Richard IEdit

Richard the Lionheart had at least one illegitimate child: Philip of Cognac, who died young (possibly in battle). He features as Philip the Bastard in Shakespeare's King John.


John had at least five children with mistresses during his first marriage to Isabelle of Gloucester, and two of which are known to have been noblewomen. He had eight or more others including Jeanne/Joan, Lady of Wales (wife of Llywelyn the Great) and Richard FitzRoy.

Edward IV of EnglandEdit

Edward IV had at least five illegitimate children, including Arthur Plantagenet, 1st Viscount Lisle (later Lord Deputy of Calais) by his mistress Elizabeth Lucy.

Perkin Warbeck closely resembled Edward IV and claimed to be his son Richard of Shrewsbury; it has been theorised that Perkin was one of Edward's illegitimate children.

Richard III justified his accession to the throne by claiming that the children of Edward IV were the product of an invalid marriage.

Richard IIIEdit

Richard III had at least two illegitimate children: John of Gloucester (Captain of Calais for a time) and Katherine, first wife of William Herbert, 2nd Earl of Pembroke.

Henry VIIEdit

Sir Roland de Velville was, in one account, the illegitimate son of Henry VII and "a Breton lady."

Henry VIIIEdit

Henry VIII had one acknowledged illegitimate child, Henry FitzRoy, 1st Duke of Richmond and Somerset. As he had many mistresses, historians put forward six other likely instances including the mercenary Thomas Stukley, the poet Richard Edwardes and two of Mary Boleyn's children.

His daughter Elizabeth was in then Catholic canon law illegitimate, as Henry had married her mother, Anne Boleyn having divorced Queen Catherine; it was lawful under his new Anglican legal system.

Scottish kingsEdit

Máel Coluim mac Alaxandair (fl. 1124–1134) was an illegitimate son of Alexander I of Scotland (r. 1107–1124) who unsuccessfully claimed his throne.

William the Lion (r. 1165–1214) had at least 6 illegitimate children, including Isabella Mac William.

Alexander II's (r. 1214–1249) illegitimate daughter Marjorie married Alan Durward.

Robert the Bruce (r. 1306–1329) had possibly six illegitimate children, including Robert Bruce, Lord of Liddesdale.

Robert II (r. 1371–1390) had 13+ illegitimate children, including Thomas Stewart, later Bishop of St Andrews.

Robert III (r. 1390–1406) at least two illegitimate children, including John, ancestor of the Shaw Stewart baronets.

James II (r. 1437–1460) had an illegitimate son, John Stewart, Lord of Sticks (d. 1523).

James IV (r. 1488–1513) had at least 5 illegitimate children with his mistresses, including Alexander Stewart, Archbishop of St Andrews, James Stewart, 1st Earl of Moray and Lady Janet Stewart, la Belle Écossaise.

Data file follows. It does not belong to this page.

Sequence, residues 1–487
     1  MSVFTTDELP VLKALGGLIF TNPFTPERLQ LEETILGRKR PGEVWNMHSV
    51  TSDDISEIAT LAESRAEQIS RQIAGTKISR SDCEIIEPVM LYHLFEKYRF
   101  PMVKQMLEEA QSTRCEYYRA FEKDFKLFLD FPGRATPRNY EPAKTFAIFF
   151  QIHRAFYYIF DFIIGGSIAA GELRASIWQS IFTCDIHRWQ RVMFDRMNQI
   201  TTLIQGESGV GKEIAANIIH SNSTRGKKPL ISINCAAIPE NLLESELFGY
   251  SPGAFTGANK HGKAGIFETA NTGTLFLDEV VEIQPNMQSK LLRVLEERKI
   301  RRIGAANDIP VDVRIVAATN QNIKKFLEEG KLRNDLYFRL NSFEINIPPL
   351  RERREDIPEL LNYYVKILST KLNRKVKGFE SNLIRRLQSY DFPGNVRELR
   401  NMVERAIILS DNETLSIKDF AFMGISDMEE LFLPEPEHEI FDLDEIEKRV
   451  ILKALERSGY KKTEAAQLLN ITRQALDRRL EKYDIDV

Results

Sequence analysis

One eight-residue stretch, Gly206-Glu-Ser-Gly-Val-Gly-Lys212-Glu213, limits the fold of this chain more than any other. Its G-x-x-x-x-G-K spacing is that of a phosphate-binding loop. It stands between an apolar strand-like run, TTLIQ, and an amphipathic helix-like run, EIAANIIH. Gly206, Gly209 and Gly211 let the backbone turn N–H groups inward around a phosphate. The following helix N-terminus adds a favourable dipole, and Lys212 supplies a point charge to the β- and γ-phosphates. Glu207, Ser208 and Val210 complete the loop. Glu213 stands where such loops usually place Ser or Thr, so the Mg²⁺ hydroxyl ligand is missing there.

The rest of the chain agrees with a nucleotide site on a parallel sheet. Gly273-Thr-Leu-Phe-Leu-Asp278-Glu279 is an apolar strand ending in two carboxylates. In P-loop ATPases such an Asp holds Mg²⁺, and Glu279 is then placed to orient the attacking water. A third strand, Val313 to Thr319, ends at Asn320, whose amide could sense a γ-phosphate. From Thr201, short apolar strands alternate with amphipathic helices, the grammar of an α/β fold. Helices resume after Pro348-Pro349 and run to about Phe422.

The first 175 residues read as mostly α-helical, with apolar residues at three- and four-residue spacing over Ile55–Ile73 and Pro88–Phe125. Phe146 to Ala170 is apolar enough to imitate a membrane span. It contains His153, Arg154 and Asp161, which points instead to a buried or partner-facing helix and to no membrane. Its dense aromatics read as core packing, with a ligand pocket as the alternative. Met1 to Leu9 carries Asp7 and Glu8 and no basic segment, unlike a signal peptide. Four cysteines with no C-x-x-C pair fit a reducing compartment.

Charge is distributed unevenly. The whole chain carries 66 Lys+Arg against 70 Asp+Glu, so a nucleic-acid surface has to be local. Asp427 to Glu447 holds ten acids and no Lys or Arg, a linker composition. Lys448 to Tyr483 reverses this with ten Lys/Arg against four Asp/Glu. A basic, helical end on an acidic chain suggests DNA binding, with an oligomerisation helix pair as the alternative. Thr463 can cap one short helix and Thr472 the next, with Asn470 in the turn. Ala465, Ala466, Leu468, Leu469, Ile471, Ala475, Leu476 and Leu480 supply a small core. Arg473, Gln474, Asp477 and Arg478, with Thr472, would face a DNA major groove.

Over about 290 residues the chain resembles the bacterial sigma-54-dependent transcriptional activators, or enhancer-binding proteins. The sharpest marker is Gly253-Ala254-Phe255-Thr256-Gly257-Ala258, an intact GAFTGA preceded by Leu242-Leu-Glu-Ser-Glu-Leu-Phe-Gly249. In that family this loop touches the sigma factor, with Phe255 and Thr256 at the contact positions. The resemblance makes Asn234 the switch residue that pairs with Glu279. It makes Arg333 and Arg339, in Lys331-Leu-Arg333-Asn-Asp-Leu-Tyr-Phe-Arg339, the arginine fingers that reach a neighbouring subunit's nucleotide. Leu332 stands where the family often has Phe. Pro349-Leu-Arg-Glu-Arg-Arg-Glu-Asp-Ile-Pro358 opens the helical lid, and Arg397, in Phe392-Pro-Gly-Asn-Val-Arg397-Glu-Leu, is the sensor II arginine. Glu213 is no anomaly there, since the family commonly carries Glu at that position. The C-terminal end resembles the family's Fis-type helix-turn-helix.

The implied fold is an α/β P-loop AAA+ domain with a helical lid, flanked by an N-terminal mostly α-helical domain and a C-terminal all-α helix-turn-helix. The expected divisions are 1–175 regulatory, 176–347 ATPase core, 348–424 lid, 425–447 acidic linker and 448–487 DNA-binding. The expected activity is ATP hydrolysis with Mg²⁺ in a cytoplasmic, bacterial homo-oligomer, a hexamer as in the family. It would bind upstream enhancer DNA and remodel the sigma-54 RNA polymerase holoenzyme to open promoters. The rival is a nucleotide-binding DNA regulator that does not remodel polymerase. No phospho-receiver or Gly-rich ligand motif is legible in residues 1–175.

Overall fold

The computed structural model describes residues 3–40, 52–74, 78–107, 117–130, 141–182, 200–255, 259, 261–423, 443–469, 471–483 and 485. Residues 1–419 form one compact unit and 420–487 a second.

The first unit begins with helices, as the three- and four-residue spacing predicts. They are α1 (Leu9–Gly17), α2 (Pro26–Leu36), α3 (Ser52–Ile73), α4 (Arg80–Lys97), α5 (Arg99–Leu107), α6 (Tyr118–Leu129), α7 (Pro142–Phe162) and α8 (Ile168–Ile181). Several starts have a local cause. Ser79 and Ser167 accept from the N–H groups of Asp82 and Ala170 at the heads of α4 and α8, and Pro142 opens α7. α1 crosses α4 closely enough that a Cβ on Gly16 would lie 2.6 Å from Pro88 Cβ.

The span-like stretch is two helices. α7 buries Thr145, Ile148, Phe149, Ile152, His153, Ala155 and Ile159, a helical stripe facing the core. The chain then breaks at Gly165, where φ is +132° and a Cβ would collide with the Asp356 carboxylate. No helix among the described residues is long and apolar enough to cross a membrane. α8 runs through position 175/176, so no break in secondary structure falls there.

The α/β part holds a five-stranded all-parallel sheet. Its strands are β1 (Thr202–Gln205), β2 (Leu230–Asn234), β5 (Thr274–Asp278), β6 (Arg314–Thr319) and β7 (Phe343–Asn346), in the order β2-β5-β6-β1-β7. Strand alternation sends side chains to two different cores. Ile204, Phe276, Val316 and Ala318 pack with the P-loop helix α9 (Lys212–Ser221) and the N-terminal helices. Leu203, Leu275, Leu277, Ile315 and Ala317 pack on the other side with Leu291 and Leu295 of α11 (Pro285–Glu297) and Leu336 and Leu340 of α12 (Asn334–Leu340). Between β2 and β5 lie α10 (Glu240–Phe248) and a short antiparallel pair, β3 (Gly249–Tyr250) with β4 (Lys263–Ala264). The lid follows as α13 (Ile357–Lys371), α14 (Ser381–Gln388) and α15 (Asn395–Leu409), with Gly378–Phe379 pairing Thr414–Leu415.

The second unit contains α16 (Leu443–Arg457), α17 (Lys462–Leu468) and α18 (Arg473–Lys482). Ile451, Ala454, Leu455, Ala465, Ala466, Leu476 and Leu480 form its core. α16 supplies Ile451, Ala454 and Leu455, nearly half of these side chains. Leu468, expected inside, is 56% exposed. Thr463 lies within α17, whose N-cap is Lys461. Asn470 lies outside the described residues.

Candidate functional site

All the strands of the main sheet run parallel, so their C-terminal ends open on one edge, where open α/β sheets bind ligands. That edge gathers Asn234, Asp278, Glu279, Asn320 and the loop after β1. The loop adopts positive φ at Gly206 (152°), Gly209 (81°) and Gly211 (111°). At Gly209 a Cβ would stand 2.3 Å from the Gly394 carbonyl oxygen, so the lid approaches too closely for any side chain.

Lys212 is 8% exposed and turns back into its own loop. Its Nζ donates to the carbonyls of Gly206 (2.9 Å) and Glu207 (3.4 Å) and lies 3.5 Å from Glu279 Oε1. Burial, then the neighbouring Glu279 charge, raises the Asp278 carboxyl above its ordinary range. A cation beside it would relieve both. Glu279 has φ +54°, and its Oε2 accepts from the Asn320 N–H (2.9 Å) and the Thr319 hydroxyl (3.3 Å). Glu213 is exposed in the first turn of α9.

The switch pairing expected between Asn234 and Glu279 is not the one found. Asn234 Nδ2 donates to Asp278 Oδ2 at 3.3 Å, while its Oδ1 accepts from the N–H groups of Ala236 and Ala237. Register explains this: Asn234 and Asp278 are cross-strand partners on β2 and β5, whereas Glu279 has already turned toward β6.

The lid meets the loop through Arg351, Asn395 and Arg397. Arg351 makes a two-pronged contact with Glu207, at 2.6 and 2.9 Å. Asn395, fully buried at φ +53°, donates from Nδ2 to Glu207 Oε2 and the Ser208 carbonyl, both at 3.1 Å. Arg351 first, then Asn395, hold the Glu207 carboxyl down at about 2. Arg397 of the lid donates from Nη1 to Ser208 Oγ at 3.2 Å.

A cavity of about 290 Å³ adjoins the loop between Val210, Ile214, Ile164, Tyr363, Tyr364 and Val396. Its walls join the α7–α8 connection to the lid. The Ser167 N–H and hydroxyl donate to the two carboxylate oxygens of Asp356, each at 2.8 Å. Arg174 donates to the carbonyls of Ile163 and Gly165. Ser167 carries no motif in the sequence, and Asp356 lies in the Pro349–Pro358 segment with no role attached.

James V (r. 1513–1542) had at least 9 illegitimate children with his mistresses, including Lady Jean Stewart (by Elizabeth Bethune), Robert Stewart, 1st Earl of Orkney (by Euphemia Elphinstone) and James Stewart, 1st Earl of Moray (by Margaret Erskine).

Charles IIEdit

Charles II fathered at least 20 illegitimate children, of whom he acknowledged 14.[10] The most famous of these was James Scott, 1st Duke of Monmouth, his son by Lucy Walter. After Charles' death, Monmouth led a rebellion against his uncle James II. Charles had no legitimate children who survived childhood.

When Nell Gwynn brought her first child to Charles, she told it, 'Come hither you little Bastard and speak to your father!'.[11]

"Nay, Nellie, do not call the child such a name", said the king.
"Your Majesty has given me no other name by which I may call him."

Charles then named the child "Beauclerk" and bestowed the title "Earl of Burford".

Charles I with his son, the future James II. Both James and his older brother Charles II were known for their numerous bastards.

Illegitimate children of Charles IIEdit

By Lucy Walter (c.1630–1658)

  1. James Scott, 1st Duke of Monmouth (1649–1685), found and executed nine days after skirmish of his forces' Battle of Sedgemoor.

By Elizabeth Boyle, Viscountess Shannon (1622–1680)

  1. Charlotte FitzRoy, Countess of Yarmouth (1650–1684),

By Catherine Pegge

  1. Charles FitzCharles, 1st Earl of Plymouth (1657–1680), known as "Don Carlo", created Earl of Plymouth (1675)
  2. Catherine FitzCharles (born 1658; she either died young or became a nun at Dunkirk)[12]

By Barbara Palmer, 1st Duchess of Cleveland (1641–1709)

  1. Anne Lennard, Countess of Sussex (1661–1722). She may have been the daughter of Roger Palmer, but Charles accepted her.[13]
  2. Charles FitzRoy, 2nd Duke of Cleveland (1662–1730).
  3. Henry FitzRoy, 1st Duke of Grafton (1663–1690). Ancestor of the Dukes of Grafton.
  4. Charlotte Lee, Countess of Lichfield (1664–1717).
  5. George FitzRoy, 1st Duke of Northumberland (1665–1716).